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The Huawei smartphone brand Honor has been coming up with some pretty compelling midrange phones as of late. But Honor’s about more than just midrangers – they’ve also been busy establishing a presence in the budget market, with units like the one we’re looking at today, the Honor 7A.

The 7A offers some pretty compelling features for not a lot of money. But is that enough to make it worth your while, especially given how competitive this segment can be?

We’re about to find out – and you should come along for the ride!

Plastic, but not plasticky

OK, first things first. The 7A’s body is made entirely of plastic. But before you close this tab or window after reading that, hold on – it’s not made of the cheap kind of plastic that will repulse you on first contact.

The outer rim of this phone is the part that is akin to the usual (dreaded) plastic – a little bit shiny and maybe a tiny bit slick. But most of the phone, including its rear, is composed of a classier matte plastic that looks nicer and feels better to the touch. As a matter of fact, the entire phone is pretty pleasant to pick up and use. It’s not a lightweight, flimsy-feeling phone – it feels substantial enough to be taken seriously, while at the same time not feeling too heavy for its own good or for the comfort of its users.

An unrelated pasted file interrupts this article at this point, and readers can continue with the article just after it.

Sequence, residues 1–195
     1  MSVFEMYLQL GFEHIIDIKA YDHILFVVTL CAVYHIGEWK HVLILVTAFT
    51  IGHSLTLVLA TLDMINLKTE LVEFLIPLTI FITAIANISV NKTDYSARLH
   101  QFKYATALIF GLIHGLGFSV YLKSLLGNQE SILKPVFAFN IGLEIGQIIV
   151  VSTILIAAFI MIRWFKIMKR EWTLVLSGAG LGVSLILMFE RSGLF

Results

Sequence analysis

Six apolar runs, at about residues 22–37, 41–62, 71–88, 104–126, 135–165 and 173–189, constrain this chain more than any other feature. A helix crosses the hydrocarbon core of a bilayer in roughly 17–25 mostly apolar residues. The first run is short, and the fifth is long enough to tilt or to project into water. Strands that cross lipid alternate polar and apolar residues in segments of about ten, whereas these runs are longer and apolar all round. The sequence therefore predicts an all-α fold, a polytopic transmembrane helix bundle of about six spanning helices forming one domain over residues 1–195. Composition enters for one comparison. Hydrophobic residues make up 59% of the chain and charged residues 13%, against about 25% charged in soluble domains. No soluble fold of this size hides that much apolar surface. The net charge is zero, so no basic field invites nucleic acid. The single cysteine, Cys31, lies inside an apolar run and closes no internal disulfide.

Styling-wise, the 7A follows the lead taken by many of Huawei’s and Honor’s other units. It’s not really a head-turner in the vein of range-topping units like the Honor 10 flagship, but we’re not calling it out because of that. It’s got its own quiet brand of good looks, such that you won’t (or at least shouldn’t) be ashamed to use it without a case.

Out back, the 7A is distinguished by its center-mounted fingerprint sensor and antenna lines that break up the smooth expanse of the body, a la Apple iPhone 6 and 6s.

Our test unit came in a fetching shade of metallic navy blue, but the phone can also be had in black and gold – you choose.

(Not quite a) super screen

Flip the phone over and take a gander at its 720p FullView display.

We decided to devote an entire section to talking about the 7A’s screen because the screen can make or break any phone, and in the budget segment a phone with a better screen can easily stand head and shoulders above its competition.

So how does the 7A’s fare? In a nutshell, it’s not spectacular, but neither is it subpar.

First off we have to talk about how large it is. If you’re the sort of user for whom display size counts, you’ll be pleased to know that the 7A’s display is all of 5.7 inches and has a relatively decent 1440 x 720 resolution and a pixel density of 282. All of which means that while it can’t really compare to the displays pricier phones have, for its class its screen is competitive – and maybe could even clinch an easy sale or two by virtue of nothing more than sheer screen size.

Bezel-wise, this isn’t one of those bezel-free headturners, but in all fairness the 7A’s bezels aren’t thick or obtrusive in any way. The phone’s screen to body ratio is 75.5 percent, which isn’t all that bad.